Endometriosis is the presence of endometrial tissue (glands and stroma) outside of the uterus. Although several theories exist to explain this finding, most experts believe endometrial tissue flows in a retrograde (reverse) direction from inside the uterus, through the fallopian tubes, and into the pelvis and abdomen.

Patients with endometriosis have variable symptoms. For example, many patients with endometriosis have no symptoms and are therefore unaware that they have the condition. However, many patients do have symptoms of endometriosis – commonly patients suffer from pelvic pain and infertility. Endometriosis can be found practically anywhere but is often found on the ovaries, fallopian tube(s), bowel, and on the surfaces within the pelvis. Interestingly, endometriosis has even been found in the lungs and brain.


Endometrial tissue outside of the uterine cavity remains hormonally receptive and active. As women experience menstrual periods, the endometrial tissue, commonly referred to as implants grows, secretes fluid, and often causes inflammation and the development of scar tissue. Scar tissue development can interfere with pregnancy by limiting the mobility of the pelvic structures such as the fallopian tubes and ovaries. Endometriosis can damage one or both fallopian tubes due scar tissue formation or the deposition of endometrial implants on or near the fallopian tubes. Endometriotic implants, inflammation, and scar tissue formation also often cause pelvic pain and painful menstrual periods.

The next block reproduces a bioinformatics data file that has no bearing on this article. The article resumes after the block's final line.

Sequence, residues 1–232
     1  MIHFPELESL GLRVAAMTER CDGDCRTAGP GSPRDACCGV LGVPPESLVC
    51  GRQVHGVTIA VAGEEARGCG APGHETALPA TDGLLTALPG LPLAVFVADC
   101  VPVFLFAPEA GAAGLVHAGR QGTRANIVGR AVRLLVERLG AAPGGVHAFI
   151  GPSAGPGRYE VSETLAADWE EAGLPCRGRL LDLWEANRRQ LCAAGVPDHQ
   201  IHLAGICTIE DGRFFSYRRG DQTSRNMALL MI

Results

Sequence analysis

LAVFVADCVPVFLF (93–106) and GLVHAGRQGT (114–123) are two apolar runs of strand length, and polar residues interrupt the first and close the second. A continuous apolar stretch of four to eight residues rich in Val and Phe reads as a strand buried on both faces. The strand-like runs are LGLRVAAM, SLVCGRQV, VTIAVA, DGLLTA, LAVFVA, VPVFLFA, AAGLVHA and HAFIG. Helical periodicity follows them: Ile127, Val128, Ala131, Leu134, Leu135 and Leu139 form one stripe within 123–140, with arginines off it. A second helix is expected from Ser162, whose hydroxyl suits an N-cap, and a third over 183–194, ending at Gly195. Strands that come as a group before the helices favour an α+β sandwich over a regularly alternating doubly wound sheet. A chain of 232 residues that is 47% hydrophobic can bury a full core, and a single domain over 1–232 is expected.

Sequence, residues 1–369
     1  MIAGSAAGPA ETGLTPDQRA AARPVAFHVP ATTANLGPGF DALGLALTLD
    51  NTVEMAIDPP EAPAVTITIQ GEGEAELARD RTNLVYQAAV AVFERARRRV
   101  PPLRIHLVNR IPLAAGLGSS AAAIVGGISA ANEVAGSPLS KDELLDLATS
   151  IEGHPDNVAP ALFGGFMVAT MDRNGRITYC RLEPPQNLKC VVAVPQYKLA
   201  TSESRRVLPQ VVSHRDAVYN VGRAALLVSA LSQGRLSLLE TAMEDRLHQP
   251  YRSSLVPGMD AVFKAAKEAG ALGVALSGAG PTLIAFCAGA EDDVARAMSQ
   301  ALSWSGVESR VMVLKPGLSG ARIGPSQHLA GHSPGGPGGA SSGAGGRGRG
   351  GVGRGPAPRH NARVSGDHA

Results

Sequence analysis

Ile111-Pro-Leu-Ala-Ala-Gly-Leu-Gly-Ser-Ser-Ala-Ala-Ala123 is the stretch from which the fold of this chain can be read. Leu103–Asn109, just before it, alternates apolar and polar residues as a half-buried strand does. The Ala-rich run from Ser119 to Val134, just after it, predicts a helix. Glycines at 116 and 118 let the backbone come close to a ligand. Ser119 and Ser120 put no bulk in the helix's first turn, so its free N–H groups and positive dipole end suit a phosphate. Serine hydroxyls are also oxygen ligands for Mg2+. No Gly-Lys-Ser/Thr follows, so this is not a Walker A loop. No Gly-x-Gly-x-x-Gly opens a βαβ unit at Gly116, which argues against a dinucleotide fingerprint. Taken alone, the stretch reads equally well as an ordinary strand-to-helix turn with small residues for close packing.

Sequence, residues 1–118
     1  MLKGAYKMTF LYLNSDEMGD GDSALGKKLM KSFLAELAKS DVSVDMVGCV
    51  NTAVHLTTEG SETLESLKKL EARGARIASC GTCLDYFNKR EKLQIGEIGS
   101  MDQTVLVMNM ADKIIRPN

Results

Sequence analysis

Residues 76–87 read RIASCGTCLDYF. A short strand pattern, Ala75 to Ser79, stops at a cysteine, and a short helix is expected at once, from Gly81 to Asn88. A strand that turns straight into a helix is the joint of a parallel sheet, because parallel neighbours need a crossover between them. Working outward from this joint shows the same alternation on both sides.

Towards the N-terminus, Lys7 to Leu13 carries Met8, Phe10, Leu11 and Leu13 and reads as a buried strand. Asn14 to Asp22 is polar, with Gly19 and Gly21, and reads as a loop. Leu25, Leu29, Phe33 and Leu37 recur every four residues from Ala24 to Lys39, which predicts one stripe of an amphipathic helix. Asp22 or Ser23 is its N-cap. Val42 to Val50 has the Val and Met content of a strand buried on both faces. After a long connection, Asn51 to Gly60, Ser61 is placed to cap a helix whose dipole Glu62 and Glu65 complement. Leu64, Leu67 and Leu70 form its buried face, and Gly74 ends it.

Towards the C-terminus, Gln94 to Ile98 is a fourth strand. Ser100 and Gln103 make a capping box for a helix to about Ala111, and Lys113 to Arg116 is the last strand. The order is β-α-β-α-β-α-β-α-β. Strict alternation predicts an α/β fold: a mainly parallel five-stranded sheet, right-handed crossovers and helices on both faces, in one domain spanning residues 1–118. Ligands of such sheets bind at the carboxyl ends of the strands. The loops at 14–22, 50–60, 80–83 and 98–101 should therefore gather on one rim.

Technically, endometriosis is diagnosed using a microscope by a pathologist after examining a small tissue biopsy obtained by your doctor during surgery. However, many patients do not undergo surgery or do not have a biopsy performed. Often, endometriosis is diagnosed by surgical visualization and evaluation of your pelvis; surgery also allows your doctor to attempt to “treat” endometriosis at the time of surgery. Although endometriosis has a variable appearance, it is often dark and is often described as having the appearance of gunpowder in medical textbooks. Occasionally, endometriosis will cause the development of a cyst filled with endometrial tissue on or within the ovary referred to as an endometrioma.

As always, treatment(s) should be individualized and we recommend you discuss treatment options and considerations with your doctor. Mild to moderate endometriosis may be treated with laparoscopic surgery that attempts to address abnormal scar tissue and restore normal anatomy. Although studies are limited, most patients will receive a modest improvement in pregnancy rates (3-6 % per month) after surgical treatment of mild endometriosis. Unfortunately, surgery can cause new scar tissue formation and/or the development of new endometriosis can occur. By far, the most effective treatment for endometriosis is in-vitro fertilization (IVF). Patients with severe endometriosis may want to consider IVF as an early treatment option due to its effectiveness in helping patients with endometriosis achieve pregnancy.

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